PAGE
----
This paper has been reprinted in SI units in 2004 with permission of the author

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An Introduction to the Kalina Cycle

Fig. 1 Schematic Rankine Cycle Power Plant The 65 percent energy loss is due to a host of reasons. Approximately 15 percent energy loss is due to moisture in the fuel, heat radiation from the furnace walls, low temperature flue gas from the furnace and auxiliary (parasitic) power. (Kalina cycle plants will have losses similar to these therefore further discussion on these particular losses is not pertinent to the topic of this paper.) The Rankine cycle losses account for the remaining 50 percent. This loss is basically the energy that is still in the steam at the turbine exhaust. Although this steam has an enormous amount of energy, it is at such a low pressure and temperature that it is useless. This energy must, therefore, be thrown away to the heat sink just to condense the steam to water so it can be pumped back to the boiler. A quick review of thermodynamics will show why these cycle losses are so large. Fig. 2 Second Law Efficiency Limit

In a power cycle, the highest quality energy form available is the heat source and the lowest quality energy form available is the heat sink. Consider a hypothetical ideal power plant with an infinite heat source at 1000C. The shaded area in Fig. 2A graphically represents the absolute total work from this power plant while operating in a heat sink environment of absolute zero temperature. Recall the relationship C + 273 = K for absolute temperatures. Therefore, absolute zero is 0K or -273C. Since a heat sink temperature of absolute zero is only possible in deep outer space, all of the work indicated in Fig. 2A cannot be realized here on earth. The shaded area in Fig. 2B indicates the portion of the absolute work that must be forfeited because our heat sink temperature is much higher than absolute zero. Another way to look at Fig. 2B is that amount of absolute total work that our heat sink, acting as a heat source itself, could do in an absolute zero environment. For our example, a heat sink temperature of 10C, (283 degrees above absolute zero) is used. The difference is shown by the shaded area in Fig. 2C. This shaded area shows the energy available to do work. For an ideal engine, it represents the maximum potential work from a given heat source in a specific heat sink environment. Notice how the heat sink temperature limits an engine from achieving 100 percent conversion of the heat energy to work energy. The ratio (T2 T1) / (T2- T0) is the second law efficiency limit. Using absolute temperatures and T0 = 0, the second law efficiency limit (or our example is: (1273 283) / 1273 or, 77.8%. Potential work and exergy are other terms for this second law efficiency limit. Now suppose the heat source temperature is changed from 1000 to 250C. The exergy for this heat source is an amazing low: (523 283)/ 523 or, 45.9%.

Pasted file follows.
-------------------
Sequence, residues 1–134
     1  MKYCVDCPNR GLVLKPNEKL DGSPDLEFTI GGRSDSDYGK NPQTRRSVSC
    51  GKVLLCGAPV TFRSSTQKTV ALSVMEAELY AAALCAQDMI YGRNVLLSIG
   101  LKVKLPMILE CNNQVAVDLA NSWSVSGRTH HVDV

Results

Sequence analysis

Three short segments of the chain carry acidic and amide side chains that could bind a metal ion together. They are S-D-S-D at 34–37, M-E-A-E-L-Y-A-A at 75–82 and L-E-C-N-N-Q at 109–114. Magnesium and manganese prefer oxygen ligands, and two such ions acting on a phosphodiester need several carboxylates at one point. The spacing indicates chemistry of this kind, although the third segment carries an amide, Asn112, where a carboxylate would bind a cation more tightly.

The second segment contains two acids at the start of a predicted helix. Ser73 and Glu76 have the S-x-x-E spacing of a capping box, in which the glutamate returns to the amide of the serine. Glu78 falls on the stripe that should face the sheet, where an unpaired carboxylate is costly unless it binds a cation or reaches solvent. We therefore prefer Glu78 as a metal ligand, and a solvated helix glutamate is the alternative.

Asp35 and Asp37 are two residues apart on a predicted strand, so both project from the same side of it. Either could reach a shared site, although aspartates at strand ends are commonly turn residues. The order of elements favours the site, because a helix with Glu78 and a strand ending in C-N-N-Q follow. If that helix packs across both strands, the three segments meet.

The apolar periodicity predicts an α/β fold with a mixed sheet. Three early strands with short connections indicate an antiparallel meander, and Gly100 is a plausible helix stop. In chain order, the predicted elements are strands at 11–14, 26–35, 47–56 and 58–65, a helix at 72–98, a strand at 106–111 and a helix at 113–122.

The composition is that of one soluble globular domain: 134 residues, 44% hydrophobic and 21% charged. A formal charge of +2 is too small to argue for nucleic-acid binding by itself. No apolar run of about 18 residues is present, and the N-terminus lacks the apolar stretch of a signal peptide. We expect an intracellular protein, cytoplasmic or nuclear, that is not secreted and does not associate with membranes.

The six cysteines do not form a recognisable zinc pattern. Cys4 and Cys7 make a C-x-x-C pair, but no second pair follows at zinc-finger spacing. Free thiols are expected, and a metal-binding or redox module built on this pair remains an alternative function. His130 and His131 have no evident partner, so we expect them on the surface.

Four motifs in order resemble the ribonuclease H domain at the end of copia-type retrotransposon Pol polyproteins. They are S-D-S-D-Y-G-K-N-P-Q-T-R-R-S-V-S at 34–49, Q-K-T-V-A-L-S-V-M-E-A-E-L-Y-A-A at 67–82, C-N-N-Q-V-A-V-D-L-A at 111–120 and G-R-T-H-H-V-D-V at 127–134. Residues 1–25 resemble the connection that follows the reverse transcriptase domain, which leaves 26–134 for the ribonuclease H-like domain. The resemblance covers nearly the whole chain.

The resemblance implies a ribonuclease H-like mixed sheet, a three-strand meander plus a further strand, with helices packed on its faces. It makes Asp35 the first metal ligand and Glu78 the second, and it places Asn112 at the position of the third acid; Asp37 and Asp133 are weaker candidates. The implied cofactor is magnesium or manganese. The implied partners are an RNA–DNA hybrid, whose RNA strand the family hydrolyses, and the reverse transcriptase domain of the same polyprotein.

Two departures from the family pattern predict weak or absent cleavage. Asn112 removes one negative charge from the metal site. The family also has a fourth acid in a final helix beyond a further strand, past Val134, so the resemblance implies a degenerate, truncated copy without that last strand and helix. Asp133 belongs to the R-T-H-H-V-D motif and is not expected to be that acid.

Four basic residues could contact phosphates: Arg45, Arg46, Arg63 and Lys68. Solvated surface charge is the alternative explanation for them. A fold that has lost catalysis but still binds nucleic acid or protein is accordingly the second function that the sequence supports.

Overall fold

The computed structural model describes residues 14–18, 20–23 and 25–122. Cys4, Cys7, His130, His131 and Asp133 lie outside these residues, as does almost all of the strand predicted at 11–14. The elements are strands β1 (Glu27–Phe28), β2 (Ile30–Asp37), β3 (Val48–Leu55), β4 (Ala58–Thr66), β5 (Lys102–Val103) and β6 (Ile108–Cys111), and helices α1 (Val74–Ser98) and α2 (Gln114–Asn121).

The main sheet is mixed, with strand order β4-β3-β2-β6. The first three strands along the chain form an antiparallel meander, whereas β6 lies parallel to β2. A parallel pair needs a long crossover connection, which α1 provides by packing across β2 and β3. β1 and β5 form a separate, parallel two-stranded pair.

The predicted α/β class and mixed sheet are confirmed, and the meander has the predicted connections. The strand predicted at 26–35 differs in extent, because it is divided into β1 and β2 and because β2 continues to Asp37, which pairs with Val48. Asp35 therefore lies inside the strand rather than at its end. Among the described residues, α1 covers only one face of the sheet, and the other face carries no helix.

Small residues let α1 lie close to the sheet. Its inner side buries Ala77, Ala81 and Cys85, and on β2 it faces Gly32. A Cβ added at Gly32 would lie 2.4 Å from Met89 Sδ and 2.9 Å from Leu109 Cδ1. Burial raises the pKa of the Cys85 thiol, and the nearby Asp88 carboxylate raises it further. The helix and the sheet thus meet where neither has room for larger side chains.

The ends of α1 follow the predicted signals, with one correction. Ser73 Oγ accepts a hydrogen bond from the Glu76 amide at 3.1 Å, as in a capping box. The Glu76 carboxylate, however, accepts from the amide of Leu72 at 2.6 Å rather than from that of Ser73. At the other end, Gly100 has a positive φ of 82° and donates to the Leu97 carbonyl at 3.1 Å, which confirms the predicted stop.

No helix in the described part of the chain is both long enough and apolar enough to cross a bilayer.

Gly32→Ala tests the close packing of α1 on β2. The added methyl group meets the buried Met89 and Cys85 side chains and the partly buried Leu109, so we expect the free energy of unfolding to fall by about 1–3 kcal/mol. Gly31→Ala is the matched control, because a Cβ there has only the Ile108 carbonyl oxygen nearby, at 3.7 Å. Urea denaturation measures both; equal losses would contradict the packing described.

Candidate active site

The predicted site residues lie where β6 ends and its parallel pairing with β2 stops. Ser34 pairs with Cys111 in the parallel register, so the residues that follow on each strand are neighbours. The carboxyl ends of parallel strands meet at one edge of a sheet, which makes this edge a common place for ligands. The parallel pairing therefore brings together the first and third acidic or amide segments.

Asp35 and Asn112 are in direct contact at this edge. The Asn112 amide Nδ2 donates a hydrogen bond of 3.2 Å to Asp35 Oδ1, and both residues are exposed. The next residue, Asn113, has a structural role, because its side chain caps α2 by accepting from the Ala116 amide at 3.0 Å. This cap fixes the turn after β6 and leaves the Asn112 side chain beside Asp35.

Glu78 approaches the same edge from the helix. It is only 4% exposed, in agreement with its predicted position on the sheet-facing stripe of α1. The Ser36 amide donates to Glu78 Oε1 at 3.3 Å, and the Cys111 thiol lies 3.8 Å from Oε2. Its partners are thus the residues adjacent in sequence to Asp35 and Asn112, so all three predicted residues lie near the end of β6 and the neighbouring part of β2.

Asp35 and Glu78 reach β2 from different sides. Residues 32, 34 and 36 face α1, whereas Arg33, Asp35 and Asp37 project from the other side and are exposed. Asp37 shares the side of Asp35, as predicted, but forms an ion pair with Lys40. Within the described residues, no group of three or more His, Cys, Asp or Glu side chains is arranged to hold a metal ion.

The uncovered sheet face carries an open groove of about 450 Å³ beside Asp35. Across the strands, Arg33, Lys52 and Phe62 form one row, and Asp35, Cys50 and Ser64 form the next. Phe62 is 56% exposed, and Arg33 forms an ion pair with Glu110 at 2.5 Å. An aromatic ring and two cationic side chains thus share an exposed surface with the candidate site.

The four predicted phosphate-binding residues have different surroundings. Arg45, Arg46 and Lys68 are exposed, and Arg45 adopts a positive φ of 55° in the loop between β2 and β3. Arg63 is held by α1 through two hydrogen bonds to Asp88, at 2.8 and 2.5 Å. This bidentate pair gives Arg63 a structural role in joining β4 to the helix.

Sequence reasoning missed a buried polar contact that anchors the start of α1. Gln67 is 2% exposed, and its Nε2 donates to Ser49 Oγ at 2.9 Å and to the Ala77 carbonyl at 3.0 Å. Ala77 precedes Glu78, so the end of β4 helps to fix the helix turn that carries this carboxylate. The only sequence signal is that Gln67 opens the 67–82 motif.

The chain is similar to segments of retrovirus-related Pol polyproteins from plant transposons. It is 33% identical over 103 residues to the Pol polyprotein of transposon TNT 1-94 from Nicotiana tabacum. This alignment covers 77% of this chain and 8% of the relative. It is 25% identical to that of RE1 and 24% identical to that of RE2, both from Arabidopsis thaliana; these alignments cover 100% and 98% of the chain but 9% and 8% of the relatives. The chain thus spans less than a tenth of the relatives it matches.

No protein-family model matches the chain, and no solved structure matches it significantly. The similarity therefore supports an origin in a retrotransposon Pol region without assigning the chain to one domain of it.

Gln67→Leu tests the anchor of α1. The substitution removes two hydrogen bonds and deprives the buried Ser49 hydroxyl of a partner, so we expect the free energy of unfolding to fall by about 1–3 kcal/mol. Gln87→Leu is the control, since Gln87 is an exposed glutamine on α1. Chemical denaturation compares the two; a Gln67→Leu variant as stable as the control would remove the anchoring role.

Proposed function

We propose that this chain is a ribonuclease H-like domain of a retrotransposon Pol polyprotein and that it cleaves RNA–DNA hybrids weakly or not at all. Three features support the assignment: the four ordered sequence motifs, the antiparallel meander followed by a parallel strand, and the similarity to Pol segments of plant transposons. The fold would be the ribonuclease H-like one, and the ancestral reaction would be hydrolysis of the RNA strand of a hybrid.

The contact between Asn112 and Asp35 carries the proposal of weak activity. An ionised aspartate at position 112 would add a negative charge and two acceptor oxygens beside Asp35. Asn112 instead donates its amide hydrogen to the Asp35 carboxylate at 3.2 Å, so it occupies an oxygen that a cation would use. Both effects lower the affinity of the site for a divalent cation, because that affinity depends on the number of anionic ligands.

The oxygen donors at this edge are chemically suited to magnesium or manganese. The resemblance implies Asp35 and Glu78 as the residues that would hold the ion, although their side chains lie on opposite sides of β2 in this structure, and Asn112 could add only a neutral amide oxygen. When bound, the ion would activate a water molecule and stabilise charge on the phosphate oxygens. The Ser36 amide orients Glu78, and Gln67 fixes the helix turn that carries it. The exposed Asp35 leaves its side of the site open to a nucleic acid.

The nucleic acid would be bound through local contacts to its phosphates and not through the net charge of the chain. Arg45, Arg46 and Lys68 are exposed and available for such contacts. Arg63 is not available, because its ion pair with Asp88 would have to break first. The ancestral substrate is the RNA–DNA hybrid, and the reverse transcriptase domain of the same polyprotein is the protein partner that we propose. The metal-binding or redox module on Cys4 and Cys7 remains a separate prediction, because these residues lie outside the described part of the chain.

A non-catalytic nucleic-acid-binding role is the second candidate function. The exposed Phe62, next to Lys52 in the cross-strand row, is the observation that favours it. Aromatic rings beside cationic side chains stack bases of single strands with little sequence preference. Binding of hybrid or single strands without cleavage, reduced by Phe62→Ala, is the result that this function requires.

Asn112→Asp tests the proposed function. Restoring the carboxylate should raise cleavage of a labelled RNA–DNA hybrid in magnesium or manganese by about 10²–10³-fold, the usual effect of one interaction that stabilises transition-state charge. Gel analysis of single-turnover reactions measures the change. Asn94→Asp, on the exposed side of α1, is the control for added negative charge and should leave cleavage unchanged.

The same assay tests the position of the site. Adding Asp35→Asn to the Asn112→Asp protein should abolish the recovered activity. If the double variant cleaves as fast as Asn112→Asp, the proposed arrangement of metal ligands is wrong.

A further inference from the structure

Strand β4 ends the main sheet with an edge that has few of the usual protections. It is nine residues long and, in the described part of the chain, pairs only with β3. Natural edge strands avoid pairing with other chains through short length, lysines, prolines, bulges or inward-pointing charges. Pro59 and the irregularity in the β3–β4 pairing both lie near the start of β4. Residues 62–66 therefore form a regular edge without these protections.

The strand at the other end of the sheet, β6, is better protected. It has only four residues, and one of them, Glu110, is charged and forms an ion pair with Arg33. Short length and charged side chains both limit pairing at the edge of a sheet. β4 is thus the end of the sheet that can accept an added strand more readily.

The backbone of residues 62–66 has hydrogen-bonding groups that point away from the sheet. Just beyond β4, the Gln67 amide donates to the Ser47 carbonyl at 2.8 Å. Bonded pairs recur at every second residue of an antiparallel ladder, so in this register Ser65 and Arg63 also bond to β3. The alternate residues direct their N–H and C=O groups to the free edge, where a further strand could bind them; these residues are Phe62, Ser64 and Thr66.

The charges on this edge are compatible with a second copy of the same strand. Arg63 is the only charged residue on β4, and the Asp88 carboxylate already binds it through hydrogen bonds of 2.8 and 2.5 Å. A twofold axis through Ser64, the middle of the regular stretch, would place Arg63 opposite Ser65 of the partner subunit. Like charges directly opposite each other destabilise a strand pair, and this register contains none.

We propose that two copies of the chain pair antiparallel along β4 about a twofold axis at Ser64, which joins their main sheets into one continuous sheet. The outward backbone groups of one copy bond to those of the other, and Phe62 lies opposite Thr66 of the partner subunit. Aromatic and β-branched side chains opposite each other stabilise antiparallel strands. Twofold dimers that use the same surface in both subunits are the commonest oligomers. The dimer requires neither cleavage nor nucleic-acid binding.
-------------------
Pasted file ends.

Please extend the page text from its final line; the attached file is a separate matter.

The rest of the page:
The first law of thermodynamics, often referred to as the law of conservation of energy, deals with nothing more than the accounting of energy. That is, all energy, in whatever form, must be accounted for. For example, in a heat exchanger heat energy loss by one stream is equal to the heat gained by the other. In a power cycle, the heat input to the system is equal to the sum of work and any waste heat produced or discharged during the process. The above stated 35 percent cycle efficiency is a first law efficiency because it is no more than a simple measure of the work component performed by the input heat energy. (Power plant heat rates are just another way to slate the first law efficiency.) While the first law tells us how much, it doesnt tell us why. Why are the losses what they are? The answer to this question is crucial for ones understanding of a more efficient cycle. This leads us to the second law of thermodynamics. This law basically says that work will, or can be done by an energy medium as it goes from a high temperature to a low temperature inside a heat engine such as a turbine.